Do you think of yourself as a selfish person? Over the years I’ve been surprised to learn how many people harbor the same “secret” about themselves — “If people knew what I’m actually like inside, they’d be surprised to find out how selfish I really am.” An age-old tactic of exploiters and oppressors plays on this vulnerability. If you shame people into believing that pursuing their own interests is immoral, then it’s easy to divert them into serving yours instead.
People who grew up in so-called “dysfunctional” families are often convinced that they’re too selfish, because dysfunctional families are by definition systems in which members are taught to sacrifice their legitimate needs and developmental goals for the “good” of others. Recently I talked with a young man I’ll call John, who got a scholarship to a university on the other side of the country. He was also accepted at a local college. He wanted to go to the university, but his father told him “If you leave it’ll just kill your mother.” After much agonizing, he went to the university, but when he returned to visit for Christmas his mother had gone into a deep depression. He felt remorse and guilt and considered dropping out. Hadn’t he harmed his mother?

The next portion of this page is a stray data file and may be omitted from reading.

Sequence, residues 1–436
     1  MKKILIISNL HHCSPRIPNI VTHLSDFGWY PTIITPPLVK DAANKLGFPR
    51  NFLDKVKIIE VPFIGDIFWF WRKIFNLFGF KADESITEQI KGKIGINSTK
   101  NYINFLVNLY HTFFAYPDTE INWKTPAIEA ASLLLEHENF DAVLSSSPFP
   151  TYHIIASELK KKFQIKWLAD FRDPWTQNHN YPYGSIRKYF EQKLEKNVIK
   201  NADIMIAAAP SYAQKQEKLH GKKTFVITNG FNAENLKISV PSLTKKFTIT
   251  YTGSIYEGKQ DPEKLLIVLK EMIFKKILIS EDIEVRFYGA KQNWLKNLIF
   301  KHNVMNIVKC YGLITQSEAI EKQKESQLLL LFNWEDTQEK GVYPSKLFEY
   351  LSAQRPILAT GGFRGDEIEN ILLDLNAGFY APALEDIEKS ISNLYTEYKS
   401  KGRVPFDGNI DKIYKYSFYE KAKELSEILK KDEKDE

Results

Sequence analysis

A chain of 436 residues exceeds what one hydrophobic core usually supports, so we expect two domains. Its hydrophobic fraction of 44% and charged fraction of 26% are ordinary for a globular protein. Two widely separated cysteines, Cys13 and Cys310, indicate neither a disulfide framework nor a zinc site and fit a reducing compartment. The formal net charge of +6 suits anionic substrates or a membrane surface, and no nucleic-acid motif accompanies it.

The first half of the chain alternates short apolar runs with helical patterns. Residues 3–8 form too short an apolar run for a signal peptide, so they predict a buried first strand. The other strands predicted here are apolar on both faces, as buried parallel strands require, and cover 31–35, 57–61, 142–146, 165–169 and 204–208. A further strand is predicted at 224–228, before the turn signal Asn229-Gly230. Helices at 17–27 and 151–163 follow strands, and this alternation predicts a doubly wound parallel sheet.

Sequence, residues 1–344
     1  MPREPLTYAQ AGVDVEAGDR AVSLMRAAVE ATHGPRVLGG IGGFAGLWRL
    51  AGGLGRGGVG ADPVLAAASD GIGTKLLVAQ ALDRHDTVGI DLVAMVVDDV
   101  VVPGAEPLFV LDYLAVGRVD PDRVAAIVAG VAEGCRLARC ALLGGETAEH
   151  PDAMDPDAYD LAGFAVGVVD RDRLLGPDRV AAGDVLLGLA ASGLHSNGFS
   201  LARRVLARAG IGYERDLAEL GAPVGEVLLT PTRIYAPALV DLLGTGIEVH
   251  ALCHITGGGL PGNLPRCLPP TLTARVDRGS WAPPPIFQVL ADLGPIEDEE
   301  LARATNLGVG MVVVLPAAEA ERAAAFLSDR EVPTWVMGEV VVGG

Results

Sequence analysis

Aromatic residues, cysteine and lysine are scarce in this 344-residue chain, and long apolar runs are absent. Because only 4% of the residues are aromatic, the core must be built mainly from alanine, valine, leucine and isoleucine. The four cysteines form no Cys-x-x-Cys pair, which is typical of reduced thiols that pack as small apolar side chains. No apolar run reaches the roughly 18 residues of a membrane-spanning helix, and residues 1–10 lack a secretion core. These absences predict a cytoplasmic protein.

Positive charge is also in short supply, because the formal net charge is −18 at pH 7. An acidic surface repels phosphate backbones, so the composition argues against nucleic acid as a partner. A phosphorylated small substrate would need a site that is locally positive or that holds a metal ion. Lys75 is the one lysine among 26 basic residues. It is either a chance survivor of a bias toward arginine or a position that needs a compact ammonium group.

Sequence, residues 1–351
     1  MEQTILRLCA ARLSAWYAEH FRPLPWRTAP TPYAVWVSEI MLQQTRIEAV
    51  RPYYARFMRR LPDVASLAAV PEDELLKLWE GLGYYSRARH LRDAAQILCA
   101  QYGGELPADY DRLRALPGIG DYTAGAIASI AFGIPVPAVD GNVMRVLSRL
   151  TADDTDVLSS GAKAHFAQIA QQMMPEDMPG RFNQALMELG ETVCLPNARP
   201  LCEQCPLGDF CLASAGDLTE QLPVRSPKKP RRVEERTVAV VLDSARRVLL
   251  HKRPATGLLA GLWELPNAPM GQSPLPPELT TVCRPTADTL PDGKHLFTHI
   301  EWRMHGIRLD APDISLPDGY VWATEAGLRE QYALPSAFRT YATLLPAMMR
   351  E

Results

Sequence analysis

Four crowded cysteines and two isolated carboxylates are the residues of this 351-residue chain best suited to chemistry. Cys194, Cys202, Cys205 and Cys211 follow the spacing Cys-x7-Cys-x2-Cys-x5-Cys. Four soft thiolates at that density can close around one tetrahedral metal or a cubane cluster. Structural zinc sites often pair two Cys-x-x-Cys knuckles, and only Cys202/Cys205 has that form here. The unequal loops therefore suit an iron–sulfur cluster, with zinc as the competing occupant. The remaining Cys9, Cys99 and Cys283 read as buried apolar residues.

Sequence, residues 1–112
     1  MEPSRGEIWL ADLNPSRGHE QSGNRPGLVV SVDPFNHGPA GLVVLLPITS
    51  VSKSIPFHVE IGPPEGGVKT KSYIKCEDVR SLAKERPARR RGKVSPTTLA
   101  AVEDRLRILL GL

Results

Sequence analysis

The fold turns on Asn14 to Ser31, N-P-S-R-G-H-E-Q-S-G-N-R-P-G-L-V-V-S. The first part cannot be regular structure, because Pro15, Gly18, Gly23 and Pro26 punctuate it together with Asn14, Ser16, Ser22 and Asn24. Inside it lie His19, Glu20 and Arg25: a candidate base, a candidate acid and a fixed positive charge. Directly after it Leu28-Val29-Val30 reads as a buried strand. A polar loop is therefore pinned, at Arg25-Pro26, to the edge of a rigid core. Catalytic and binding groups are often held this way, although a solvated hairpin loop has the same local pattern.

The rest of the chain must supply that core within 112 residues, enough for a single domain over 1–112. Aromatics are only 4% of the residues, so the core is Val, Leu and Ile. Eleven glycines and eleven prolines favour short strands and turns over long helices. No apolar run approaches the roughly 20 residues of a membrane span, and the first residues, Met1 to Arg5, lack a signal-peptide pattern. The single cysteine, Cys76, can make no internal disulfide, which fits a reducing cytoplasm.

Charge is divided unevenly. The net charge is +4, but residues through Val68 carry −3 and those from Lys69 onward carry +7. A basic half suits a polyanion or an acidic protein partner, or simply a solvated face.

My answer was “No. What’s causing your mother’s suffering is her own immaturity, her need to cling inappropriately to her son when it’s time for you to get on with your own life. That’s her problem, not yours. It’s speaks well of you that you feel compassion for her suffering and for her difficulty in letting go, but you owe it to yourself to resist her passive-aggressive attempts to hold you back. You won’t help her or yourself by relinquishing your own dreams in order to comply with her unreasonable demands.”
John’s struggle wasn’t with wasn’t selfishness; it was with feeling unrealistically responsible for his mother’s well-being, to his own detriment. Like John, many of us learned in our families that growing up and becoming independent is an act of betrayal; that separating means abandoning; that taking care of ourselves means neglecting others; that paying attention to our own feelings equals indifference to the feelings of others, and that pursuing personal goals means hurting others.
You don’t have to read any boring Ayn Rand novels to understand that there’s a legitimate domain of “self-care” distinct from “selfishness.” Broadly speaking, it’s selfish to exploit, use, and manipulate others for your own ends, but pursuing your own happiness while respecting the rights and needs of others falls into the domain of legitimate self-care. It’s a simple idea, and to some people it may seem obvious, but if you’ve been raised to believe that your life isn’t your own there is no more effective way to inoculate yourself against vulnerability to being exploited than to grasp this basic distinction.